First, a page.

Hawkefbury's office, that thof- gentle- I
men might there get into it privately,
and drive away ; but the vigilance of
the populace was not to be eluded. The
moment Laurellon and Otto entered, the
horfes were again taken out, and the
coach was along in triumph by
the mob ; Mr. Cox, the meflVnger, who
was in it alfo, adVmg as Reerfman, or ra
ther director of the way. They pro
ceeded to the back door of the Admiral
ty, whi h leads out upon the parade.
Here Laurefton and Otto entered, and
rema ned forne time with the Lords ;—
Lord Hood was ilfo prefent. Karl St.
Vincent came out with the two citi
zens, and very good humonredly add re fl
ed the mob thus: Gentlemen 1 Gentle- '
men! (the populace gave his Lordlhip j
three huzzas) let me re que ft you to be
•as orderly as poffible ; and if you are de. i
termined to draw the gentleman, acc ~ra
panied by M. Otto, 1 rcqucil of you to
be careful, and not overturn the carri
age." The populace allured his Lord-
Ihip they would he careful of and refpeft
ful to the ftrangers. Away tliey drew
the carriage with (bouts of applaud
through St. Jameses Park, round the
Palace, by the StaU'-yard, making the
old walls of our Royal Court fhake
at •'heir acclamations. They went up
St. James's flreet,and again fafely land
ed the two citizens at Reddifli's hotel,
before three o'clock. Laureflon again
paid his refpeiffs to the populace, and
after withdrawing, Sc. Jamcs's-flreet re
mained ftowded with people, hoping liill
to fee him. At four o'clock, his carri
age having been taken to Bennet-flrctt
for concealment, he left the hotel with
M. Otto's brother to walk to his car
riage, and proceed to M. Otto's to din
der ; but the mob recognizing him by
his uniform, and collecting abuut him,
h* returned back to Reddifli's, where
he undreffed, and put on plain clothes,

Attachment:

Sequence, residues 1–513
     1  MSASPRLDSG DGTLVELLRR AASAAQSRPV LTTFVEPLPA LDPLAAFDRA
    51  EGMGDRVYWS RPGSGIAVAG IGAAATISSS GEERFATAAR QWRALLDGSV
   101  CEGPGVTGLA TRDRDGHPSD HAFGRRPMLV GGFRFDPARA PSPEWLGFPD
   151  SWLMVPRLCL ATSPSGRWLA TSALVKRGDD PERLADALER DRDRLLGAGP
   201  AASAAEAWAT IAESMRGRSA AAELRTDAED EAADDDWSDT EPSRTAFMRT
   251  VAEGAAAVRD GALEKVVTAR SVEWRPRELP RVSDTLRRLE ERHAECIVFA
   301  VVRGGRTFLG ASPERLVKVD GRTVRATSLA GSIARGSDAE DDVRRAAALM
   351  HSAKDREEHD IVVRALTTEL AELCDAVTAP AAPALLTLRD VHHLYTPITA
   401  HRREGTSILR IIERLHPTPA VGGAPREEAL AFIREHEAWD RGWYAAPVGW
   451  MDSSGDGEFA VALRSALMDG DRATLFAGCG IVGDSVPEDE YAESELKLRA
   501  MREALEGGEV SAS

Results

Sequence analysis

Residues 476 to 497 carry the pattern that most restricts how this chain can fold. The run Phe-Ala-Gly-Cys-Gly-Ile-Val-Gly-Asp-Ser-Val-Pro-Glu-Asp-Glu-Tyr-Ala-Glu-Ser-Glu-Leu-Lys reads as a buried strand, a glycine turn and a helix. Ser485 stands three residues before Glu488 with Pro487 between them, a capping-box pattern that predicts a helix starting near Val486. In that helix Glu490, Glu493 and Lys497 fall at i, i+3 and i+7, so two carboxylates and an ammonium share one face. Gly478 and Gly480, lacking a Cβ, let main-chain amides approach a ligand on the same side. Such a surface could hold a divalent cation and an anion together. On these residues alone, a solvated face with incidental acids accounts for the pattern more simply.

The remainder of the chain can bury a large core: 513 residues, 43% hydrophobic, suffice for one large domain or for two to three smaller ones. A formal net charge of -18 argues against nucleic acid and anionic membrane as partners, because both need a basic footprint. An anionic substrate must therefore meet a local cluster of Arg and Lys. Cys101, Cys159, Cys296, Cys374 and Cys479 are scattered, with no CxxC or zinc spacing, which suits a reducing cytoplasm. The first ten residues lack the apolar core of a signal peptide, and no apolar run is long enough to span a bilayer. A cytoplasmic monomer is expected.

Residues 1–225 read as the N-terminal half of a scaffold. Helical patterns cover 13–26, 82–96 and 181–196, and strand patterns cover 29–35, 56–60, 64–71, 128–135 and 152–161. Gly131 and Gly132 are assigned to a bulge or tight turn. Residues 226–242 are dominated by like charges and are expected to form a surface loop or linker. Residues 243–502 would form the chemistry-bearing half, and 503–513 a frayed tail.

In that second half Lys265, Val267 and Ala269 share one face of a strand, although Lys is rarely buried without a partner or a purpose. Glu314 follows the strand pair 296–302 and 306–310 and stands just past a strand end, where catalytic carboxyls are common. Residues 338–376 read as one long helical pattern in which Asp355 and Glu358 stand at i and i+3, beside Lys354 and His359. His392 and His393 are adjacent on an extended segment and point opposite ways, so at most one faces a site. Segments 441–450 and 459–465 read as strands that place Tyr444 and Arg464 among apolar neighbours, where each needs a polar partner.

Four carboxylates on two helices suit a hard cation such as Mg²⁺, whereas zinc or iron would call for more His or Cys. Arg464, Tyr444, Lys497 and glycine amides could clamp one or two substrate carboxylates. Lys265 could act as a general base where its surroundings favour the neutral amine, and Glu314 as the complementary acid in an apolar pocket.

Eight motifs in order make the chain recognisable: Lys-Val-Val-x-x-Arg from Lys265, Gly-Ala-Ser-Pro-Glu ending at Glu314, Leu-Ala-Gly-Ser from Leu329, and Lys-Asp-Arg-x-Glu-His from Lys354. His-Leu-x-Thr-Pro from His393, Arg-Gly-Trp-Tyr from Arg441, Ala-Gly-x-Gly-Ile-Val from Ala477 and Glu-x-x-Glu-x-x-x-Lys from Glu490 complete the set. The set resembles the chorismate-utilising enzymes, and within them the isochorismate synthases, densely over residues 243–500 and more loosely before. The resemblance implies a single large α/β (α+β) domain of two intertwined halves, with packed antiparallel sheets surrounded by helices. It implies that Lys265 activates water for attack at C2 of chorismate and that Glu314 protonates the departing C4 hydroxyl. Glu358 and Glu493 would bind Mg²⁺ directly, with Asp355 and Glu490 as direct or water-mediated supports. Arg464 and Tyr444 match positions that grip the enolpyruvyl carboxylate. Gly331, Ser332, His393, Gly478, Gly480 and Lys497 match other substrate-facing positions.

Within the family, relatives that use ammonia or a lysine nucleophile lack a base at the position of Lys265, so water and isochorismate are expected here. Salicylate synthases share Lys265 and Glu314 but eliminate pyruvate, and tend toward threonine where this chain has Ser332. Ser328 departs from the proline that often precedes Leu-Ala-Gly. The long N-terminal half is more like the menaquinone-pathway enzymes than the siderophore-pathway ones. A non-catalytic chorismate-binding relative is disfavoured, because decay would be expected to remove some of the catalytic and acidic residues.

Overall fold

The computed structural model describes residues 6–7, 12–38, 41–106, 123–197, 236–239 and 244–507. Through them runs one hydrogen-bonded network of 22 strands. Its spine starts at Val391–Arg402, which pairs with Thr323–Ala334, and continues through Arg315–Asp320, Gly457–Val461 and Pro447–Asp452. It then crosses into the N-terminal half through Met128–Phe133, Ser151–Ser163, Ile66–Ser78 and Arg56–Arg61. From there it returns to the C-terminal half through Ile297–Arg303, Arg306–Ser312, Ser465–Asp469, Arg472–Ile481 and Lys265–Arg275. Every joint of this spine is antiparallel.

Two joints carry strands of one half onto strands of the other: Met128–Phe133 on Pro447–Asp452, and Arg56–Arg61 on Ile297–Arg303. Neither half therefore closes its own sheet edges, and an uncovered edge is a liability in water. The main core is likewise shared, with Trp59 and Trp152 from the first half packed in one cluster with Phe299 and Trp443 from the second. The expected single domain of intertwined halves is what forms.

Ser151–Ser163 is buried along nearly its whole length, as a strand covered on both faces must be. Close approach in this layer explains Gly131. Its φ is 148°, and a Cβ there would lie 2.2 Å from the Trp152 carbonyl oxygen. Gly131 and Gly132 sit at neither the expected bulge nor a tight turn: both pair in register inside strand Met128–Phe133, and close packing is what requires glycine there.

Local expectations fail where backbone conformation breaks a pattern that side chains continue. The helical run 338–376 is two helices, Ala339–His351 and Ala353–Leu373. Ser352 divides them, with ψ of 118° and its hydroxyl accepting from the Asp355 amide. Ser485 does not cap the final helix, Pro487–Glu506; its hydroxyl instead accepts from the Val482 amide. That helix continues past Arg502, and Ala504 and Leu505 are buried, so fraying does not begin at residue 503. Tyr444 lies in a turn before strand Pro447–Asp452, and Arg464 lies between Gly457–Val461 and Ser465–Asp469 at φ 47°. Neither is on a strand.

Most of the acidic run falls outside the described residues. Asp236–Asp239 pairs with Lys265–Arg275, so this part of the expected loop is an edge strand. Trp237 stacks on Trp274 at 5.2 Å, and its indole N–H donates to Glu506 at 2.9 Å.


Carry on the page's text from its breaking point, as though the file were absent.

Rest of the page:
in which he eft aped ohfervation, and
dined at M. Ottu's, which he left at
eight o'clock, returned to Reddifli's, and
went to bed before ten o'clock, very
tired. The courier who preceded him
fiom Dover repeatedly fll afleep on
horfeback, and was wakened by his guide
(a Dover poft-boy) accompanying him
on the road. The poor fellow was iptite
worn out, galled with riding & fatigued.
Unufed to ride at a fmart trot, and un
able to keep company with Liis compani
on, he often cried out, in great agony,
Ah I you gallop ■'you gallop I which was
all the EngJifli he could command. Soon
after Laurefton entered Reddilh's hotel
the laft time, Mr. Fox, with three or
four friends, walked down St. James's
ftreet, on their way to the Shakefpeare
tavern, attracting, it may be fuppofed,
a great deal of notice, mixed with mur
muring applaufe.
Between four and five o'clock Mr.
Fox and his friends fat down to dinner,
at the Shakefpeare Tavern, to celebrat;-
the anniverfary of his ele&ion ; and it
will be feen that his fprech is an impor
tant ccmifientaryon the peace, materi
ally connt&ed with the great events
of Saturday which we have been de
fcribing. He fa id in fubftauce, that
i the war had been undertaken for an
mvjnft obje£\, namely to fore? upon an
independent nation a form of govern
ment which it abhorred, and with the
defign of deftroyilig the rights of man
kind ; the peace was precifely fuch as it
ought to be, difgraceful to. the authors
of the in this country, who have
failed in all their real objects, and glo
rious to the enemy who have fttcceeded
iin thsm all as they ought to do. This
Is Mi'. I'b.Vs of the peace,
of which foyne of the. 'Freak-,y Journals
ffi&e boasted! We could not learn whe
ther Mr. Fox will attend Parliament or
not. From what we collided we think
- he will not. But ah fence cannot now
be Occafioned by the want of counte
nance given to his opinions in-the Houie
of commons. We can pohtivtly Hate,
what the reader will not Relieve till be
proceeds further, that Mr. Fox and his
friends, hitherto called th~ Opposition,
will have a great majority in both houfes
of parliament. Tins will not be ciii'pu
ted, when the" public recollect, as they
will on the firft mention of it, that Ad
diugtoh, 1-M-d Ilawkefoury, and the
whole of the prefent adminiftration, to
gether with Ml. Pitt and hii friends,have
on the great political que ft ion which has
agitated the empire for nine years, come
orer entirely to the opinions of Oppo
sition, and have adopted then , by liig
friatiling the war in the conditions of